What glomerular diseases are common in the elderly?
Elderly patients presenting with nephritic sediment and acute or rapidly progressive kidney failure often have pauci-immune glomerulonephritis, although anti-glomerular basement membrane and post-infectious glomerulonephritis should also be considered.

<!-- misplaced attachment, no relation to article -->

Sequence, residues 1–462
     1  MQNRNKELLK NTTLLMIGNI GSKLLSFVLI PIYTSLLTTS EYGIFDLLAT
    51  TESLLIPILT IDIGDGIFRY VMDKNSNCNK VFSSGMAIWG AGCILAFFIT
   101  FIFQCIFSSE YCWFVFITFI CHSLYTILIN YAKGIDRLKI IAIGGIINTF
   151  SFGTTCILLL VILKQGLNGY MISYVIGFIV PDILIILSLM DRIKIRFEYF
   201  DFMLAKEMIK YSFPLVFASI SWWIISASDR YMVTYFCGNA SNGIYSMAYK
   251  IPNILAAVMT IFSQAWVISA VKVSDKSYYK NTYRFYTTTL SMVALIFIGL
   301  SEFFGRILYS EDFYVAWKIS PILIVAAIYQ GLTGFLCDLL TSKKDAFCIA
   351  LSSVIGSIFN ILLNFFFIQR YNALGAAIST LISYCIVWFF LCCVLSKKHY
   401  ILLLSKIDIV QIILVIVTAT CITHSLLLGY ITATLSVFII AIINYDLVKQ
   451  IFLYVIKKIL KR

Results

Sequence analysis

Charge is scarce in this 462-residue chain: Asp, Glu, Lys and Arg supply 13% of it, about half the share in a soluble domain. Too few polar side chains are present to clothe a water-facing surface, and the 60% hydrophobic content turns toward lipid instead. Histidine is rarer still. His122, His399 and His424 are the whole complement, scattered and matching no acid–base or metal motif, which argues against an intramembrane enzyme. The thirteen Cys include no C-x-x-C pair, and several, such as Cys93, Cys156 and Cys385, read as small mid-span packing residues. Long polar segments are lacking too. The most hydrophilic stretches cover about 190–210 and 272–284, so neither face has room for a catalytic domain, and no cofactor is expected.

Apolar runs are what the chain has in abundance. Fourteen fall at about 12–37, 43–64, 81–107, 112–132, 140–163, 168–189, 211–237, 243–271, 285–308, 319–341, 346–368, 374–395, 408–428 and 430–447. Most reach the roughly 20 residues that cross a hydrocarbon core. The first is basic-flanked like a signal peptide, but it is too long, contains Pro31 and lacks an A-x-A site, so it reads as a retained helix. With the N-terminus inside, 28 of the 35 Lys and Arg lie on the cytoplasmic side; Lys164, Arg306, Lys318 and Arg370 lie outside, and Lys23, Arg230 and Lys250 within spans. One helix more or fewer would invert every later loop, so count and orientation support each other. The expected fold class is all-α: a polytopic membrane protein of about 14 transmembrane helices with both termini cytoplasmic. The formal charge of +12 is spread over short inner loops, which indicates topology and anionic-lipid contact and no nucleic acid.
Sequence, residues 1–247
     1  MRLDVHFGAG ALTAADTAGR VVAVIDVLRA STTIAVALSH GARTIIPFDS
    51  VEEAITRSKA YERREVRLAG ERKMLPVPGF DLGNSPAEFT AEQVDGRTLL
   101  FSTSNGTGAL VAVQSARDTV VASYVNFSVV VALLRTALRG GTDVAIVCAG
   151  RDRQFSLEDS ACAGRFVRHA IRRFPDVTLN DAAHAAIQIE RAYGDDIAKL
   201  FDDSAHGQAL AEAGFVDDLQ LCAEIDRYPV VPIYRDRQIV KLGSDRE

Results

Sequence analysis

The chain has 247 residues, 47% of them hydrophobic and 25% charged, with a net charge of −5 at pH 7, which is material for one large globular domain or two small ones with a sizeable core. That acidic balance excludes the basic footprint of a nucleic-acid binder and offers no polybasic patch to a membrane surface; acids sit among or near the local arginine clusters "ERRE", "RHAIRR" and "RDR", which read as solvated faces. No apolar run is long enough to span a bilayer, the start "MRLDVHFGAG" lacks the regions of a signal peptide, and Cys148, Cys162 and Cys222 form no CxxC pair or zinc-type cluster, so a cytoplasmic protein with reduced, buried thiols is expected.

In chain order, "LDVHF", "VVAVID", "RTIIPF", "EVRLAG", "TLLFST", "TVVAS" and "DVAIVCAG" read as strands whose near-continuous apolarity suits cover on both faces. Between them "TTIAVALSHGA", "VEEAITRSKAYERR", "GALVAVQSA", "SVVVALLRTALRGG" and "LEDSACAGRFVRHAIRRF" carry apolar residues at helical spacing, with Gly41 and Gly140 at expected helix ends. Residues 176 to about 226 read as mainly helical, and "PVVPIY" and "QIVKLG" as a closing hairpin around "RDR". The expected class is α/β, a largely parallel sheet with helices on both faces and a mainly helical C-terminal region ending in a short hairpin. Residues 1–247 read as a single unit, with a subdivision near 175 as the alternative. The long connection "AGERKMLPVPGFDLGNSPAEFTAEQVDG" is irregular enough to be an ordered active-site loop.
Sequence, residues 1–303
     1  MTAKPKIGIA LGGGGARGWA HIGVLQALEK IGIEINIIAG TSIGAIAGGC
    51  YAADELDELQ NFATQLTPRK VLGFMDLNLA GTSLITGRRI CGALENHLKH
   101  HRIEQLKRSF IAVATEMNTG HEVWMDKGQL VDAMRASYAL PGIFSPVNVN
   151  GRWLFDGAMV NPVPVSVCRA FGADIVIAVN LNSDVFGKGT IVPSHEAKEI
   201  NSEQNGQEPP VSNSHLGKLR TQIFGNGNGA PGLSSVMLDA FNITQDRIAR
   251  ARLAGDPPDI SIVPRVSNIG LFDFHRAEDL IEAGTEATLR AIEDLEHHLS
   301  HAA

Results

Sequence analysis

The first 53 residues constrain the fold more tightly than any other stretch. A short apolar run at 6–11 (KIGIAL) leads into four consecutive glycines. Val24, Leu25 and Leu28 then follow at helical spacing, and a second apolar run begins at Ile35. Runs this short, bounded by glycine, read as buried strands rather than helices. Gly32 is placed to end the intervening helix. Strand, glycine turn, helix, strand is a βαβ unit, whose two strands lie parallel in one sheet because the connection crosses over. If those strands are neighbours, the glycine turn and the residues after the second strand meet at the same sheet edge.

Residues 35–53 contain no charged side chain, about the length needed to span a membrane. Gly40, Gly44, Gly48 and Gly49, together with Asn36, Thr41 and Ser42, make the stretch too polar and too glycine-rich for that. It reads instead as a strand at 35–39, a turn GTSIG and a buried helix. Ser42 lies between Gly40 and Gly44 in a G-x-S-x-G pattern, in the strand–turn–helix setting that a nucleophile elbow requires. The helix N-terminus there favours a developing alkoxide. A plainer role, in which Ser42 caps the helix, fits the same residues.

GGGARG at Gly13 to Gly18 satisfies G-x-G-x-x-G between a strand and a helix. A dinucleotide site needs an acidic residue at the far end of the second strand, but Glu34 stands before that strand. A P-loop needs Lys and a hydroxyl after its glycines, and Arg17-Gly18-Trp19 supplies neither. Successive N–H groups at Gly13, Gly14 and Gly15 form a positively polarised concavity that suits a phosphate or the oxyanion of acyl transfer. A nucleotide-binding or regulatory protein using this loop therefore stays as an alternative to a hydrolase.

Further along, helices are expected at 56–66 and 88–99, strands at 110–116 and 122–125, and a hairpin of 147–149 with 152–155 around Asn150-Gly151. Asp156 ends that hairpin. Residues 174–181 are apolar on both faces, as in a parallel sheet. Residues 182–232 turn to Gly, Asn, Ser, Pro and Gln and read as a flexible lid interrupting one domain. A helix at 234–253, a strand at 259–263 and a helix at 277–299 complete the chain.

A nephrotic presentation, particularly not diabetes related, is commonly associated with membranous glomerulopathy. Although minimal change disease is most common in children, it can be seen in 1 out of 10 older adults with nephrosis. Amyloidosis should also be suspected in older adults with marked proteinuria. Secondary etiologies such as malignancy for these presentations should also be investigated in the older adults given increased association of solid tumors with membranous kidney lesions, Hodgkin and non-Hodgkin lymphoma with minimal change disease, and the presence of paraproteinemia with amyloidosis.